Friday, 30 March 2018

When is E-way Bill Mandatory

As per the e-way bill rules, there are certain scenarios, where e-way bill requirement is mandatory, irrespective of the value of the consignment. In other words, even if the value of the consignment is less than INR 50,000, such scenarios warrant an e-way bill to be raised, and thus businesses should be aware about when is e-way bill mandatory.
In this blog, we will understand about the 2 major scenarios, when e-way bill is required mandatorily, irrespective of the value of the consignment of goods, which are:
  • Inter-State movement of goods by the Principal to Job Worker by Principal / Registered Job Worker
  • Inter-State movement of handicraft goods from person exempted from registration i.e. from an unregistered dealer

When is e-way bill mandatory?

Inter-State movement of goods by the principal to the job worker by principal / job worker

Let us begin by revisiting our understanding of job work under GST. Job work primarily means the undertaking of any treatment or process by a person on goods belonging to another registered taxable person. It can be undertaken for the initial process, intermediate process, assembly, packing or any other completion process in the manufacturing cycle. Any such person who undertakes the job work is referred to as the job worker.

Now, as per the CGST rules, information with regards to the e-way bill is to be furnished prior to the commencement of the movement of goods, and also, the e-way bill is to be issued whether the movement is in relation to a supply or for a reason other than supply. The reason “other than supply” includes Job Work, removal for testing purpose, send on approval basis, non-taxable supply etc.
Thus, in keeping with the above, the provisions when is e-way bill needed are as follows:
  • When goods are sent by a principal located in one State to a job worker in any other State, the e-way bill shall be generated by the principal, irrespective of the value of the consignment, i.e. e-way bill requirement is mandatory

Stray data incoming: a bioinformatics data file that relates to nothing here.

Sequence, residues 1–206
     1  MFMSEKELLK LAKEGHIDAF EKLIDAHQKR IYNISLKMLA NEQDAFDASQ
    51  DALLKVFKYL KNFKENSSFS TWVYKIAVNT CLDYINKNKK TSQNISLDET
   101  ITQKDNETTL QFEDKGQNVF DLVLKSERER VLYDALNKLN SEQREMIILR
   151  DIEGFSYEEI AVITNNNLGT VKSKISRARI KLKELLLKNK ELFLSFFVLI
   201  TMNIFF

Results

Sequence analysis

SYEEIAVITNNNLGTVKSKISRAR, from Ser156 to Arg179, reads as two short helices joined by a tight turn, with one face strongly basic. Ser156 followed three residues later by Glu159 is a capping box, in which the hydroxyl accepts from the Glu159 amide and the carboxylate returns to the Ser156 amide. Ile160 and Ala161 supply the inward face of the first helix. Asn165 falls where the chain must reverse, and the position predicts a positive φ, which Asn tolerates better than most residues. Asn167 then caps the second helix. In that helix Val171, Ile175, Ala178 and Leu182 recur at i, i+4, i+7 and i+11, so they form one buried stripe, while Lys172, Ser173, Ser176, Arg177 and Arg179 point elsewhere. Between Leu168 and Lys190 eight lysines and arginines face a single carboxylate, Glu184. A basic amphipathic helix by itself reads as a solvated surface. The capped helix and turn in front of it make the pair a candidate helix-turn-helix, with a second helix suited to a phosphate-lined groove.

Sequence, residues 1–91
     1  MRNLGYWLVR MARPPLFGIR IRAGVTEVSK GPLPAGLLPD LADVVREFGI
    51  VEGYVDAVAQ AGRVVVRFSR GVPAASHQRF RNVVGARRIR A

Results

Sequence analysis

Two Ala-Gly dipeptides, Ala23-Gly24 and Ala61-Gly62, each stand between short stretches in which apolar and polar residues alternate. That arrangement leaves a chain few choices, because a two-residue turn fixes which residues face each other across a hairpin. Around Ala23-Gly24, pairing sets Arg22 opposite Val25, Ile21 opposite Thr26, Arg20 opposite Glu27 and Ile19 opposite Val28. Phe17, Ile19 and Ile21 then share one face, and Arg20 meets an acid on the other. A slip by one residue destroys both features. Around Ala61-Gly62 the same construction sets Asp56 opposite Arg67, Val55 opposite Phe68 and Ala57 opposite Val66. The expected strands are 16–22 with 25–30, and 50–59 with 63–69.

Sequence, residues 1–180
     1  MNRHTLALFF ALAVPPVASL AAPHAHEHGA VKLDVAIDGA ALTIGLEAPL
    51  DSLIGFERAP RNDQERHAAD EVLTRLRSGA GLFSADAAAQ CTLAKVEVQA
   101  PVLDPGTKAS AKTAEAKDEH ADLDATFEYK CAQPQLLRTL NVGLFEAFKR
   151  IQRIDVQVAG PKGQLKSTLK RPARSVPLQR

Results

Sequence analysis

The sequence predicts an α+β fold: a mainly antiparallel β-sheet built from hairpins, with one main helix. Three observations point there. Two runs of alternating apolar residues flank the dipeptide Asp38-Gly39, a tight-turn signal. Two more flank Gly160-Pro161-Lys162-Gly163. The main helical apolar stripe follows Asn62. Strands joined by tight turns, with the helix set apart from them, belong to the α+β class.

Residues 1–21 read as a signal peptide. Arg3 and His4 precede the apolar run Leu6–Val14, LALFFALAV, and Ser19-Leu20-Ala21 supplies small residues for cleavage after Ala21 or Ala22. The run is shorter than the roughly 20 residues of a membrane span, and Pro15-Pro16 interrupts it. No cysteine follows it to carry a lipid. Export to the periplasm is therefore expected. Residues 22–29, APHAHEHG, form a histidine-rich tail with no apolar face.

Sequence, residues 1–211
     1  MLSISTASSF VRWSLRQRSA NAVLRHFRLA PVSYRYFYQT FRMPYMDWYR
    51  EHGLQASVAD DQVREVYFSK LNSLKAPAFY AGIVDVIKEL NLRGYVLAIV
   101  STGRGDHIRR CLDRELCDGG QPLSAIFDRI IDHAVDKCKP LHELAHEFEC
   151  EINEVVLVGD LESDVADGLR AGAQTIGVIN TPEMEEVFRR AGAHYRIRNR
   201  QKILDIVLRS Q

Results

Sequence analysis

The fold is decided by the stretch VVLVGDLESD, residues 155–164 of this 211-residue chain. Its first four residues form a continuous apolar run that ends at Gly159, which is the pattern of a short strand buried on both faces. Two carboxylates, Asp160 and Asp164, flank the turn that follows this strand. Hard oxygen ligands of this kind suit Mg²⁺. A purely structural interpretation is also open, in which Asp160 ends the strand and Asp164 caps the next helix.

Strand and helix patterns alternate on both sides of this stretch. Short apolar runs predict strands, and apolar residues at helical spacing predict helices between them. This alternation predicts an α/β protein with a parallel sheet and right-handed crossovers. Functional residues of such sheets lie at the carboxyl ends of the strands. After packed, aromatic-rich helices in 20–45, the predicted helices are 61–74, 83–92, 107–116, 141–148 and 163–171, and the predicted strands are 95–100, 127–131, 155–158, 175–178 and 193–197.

• The principal is liable to generate the e-way bill before commencement of such movement of goods
  • If the job worker who causes movement of goods is registered, the job worker has to generate the e-way bill, otherwise the principal has to generate the e-way bill
  • If the job worker is registered and goods are returned back to the principal then, the job worker has to generate the e-way bill, since the movement is caused by the job worker
  • If the job worker is unregistered, then either the principal or the transporter may generate the e-way bill

Inter-State movement of handicraft goods from person exempted from registration i.e. from an unregistered dealer

When handicraft goods are transported from one State or Union territory to another State or Union territory by a person who has been exempted from the requirement of obtaining registration, i.e. someone who is an unregistered person, the e-way bill shall be generated by the said person irrespective of the value of the consignment. In other words, if such a person dealing in handicraft goods wants to understand when is e-way bill mandatory, the answer is yes, there is a mandatory e-way bill requirement.
The following are the list of handicraft goods for which e-way bill requirement is mandatory, as specified under the e-way bill rules:
  • Leather articles (including bags, purses, saddlery, harness, garments)
  • Carved wood products (including boxes, inlay work, cases, casks)
  • Carved wood products (including table and kitchenware)
  • Carved wood products
  • Wood turning and lacquer ware
  • Bamboo products (decorative and utility items)
  • Grass, leaf and reed and fibre products, mats, pouches, wallets
  • Paper mache articles
  • Textile (handloom products)
  • Textiles hand printing
  • Zari thread 5605
  • Carpet, rugs and durries
  • Textiles hand embroidery
  • Theatre costumes
  • Coir products (including mats, mattresses)
  • Leather footwear
  • Carved stone products (including statues, statuettes, figures of animals, writing sets, ashtray, candle stand)
  • Stones inlay work
  • Pottery and clay products, including terracotta
  • Metal table and kitchen ware (copper, brass ware)
  • Metal statues, images/statues vases, urns and crosses of the type used for decoration of metals
  • Metal bidriware
  • Musical instruments
  • Horn and bone products
  • Conch shell crafts
  • Bamboo furniture, cane/Rattan furniture
  • Dolls and toys
  • Folk paintings, madhubani, patchitra, Rajasthani miniature
In conclusion, principal businesses and job workers, as well as unregistered dealers dealing in handicrafts, who are dealing in inter-State supplies, need to be aware about when is e-way bill mandatory and should be equipped to raise an e-way bill irrespective of the value of the transactions.

Source: http://blogs.tallysolutions.com

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